Nelson swung his legs around and off the bed, his warm feet landing on the cold tile floor. “Time to get a rug,” he said out loud to himself. It was the first week of December, and his furnace was having a rough go of the eager Minnesotan winter. It was early — just before six in the morning. Nelson always managed to wake up on his own without an alarm clock at the desired time; a skill his body developed since before he could remember. He sat, elbows on knees and hands over face, contemplating what to do next: more sleep, immediate caffeine, or a quick and painless suicide. Today he chose caffeine.
In Nelson’s estimation, the greatest invention by man since the sharpened stick was the Keurig machine. Pods of coffee on demand? The thought of it all warmed his body and soul in equal proportion. Reason enough to get out of bed. As the trickle of life filled his giant ceramic cup, he fired up his seven-year-old desktop computer with the eagerness of a kid on Christmas. Nelson read his email and browsed Facebook on this computer and this computer alone. He never liked phone apps, fervent in the belief that life is too short to spend it all in a panic. As technology improved, he continually refused to purchase a much-needed smartphone in favor of his clunky Sidekick flip-phone. He believed that the vast majority of humans have driven themselves to a heightened state of awareness akin to a soldier in a foxhole while they await the next blinking alert, their faces glued to the brightly-lit screens of soul-sucking personal electronic devices.
This Monday morning, however, Nelson was in a good mood. He was eagerly awaiting an email — a message for which he checked first thing every morning and last thing every night for weeks. Nelson is a very deliberate and regimented man. He only opens his email twice a day, and he checks it at the abovementioned times to give himself ample daylight with which to respond to the morning messages and enough time for the evening messages to arrive.
Three months earlier, Nelson responded to an ad. It was one of those personal ads on a site similar to Craigslist, but this site was all about connecting people — pen pals, to be exact. He had heard that some men had even met their wives on the site, and as a divorcée twice over (and a widower once), he thought it was time to enter the game again.
He had no interest in the Tinders, Bumbles, or any other of the dating apps. Living life in an app held no appeal for Nelson. He craved connection and real human interaction, and despite being a high school dropout he had quite a way with words. At 55 years old, Nelson was in decent physical shape. His job at the cattle feed lots north of town kept him reasonably active, and his steady regimen of cheese-with-mayo sandwiches and caffeine-free diet sodas ensured he didn’t get overly slovenly. Women liked Nelson, and he found that they especially liked him while corresponding at a distance.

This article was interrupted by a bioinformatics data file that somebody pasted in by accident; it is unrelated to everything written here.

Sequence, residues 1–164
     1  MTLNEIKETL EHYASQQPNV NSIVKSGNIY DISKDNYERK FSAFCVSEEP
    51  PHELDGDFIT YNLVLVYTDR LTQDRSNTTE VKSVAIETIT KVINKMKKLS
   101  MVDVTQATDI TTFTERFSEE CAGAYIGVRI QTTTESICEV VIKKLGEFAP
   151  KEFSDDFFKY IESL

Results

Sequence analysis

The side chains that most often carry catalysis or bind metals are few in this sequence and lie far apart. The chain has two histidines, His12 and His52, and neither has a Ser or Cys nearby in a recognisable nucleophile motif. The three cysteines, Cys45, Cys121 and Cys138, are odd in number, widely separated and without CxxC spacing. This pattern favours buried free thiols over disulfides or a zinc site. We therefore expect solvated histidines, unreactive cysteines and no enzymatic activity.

Penpals-direct.ru, a Russia-based website for people-seeking-people had become a small obsession in Nelson’s life just three months previous to this cold Monday morning in December. Penpals-direct is a now-defunct network of websites that specialized in connecting people from all over the world. Each country had its own dedicated site featuring ads of men and (mostly) women looking for communication partners. Sorting through the different “dots” was an entertaining exercise in attraction.
His first landing site, Penpals-direct.kr (kr for Korea, of course) was full of exotic women that had never been on Nelson’s radar beforehand. All of Nelson’s wives were similar in shape and size and race — pale skin, strawberry blonde (big) hair, and at least one missing tooth. They rarely saw the inside of a book and fancied bar fights as an acceptable pastime to be enjoyed well into their sixties. After thorough read-throughs of about three dozen personal bios on Penpals-direct.kr, Nelson began a three-day long email chat with Gigi, a Cheongju resident, 22 years old, and an aspiring model. Gigi had never been outside her city of nearly a million people, but hoped one day to make it to Hollywood or San Francisco and become a beer model like the girls on those American calendars her dad kept proudly displayed in his garage. After a short time, Nelson became bored of his and Gigi’s conversation (and her perfect smile), and he broke the fake news to her that he had met someone else. After dumping Gigi, Nelson rocketed through the French, Mexican, and Mongolian Penpals-direct sites, eventually finding himself eager for connection yet very much alone. It was mid-fall, arguably the most beautiful time of year in central Minnesota, but Nelson had no use for apple orchards, falling leaves, or hay rides. He was on a hunt.
Then he found Inga.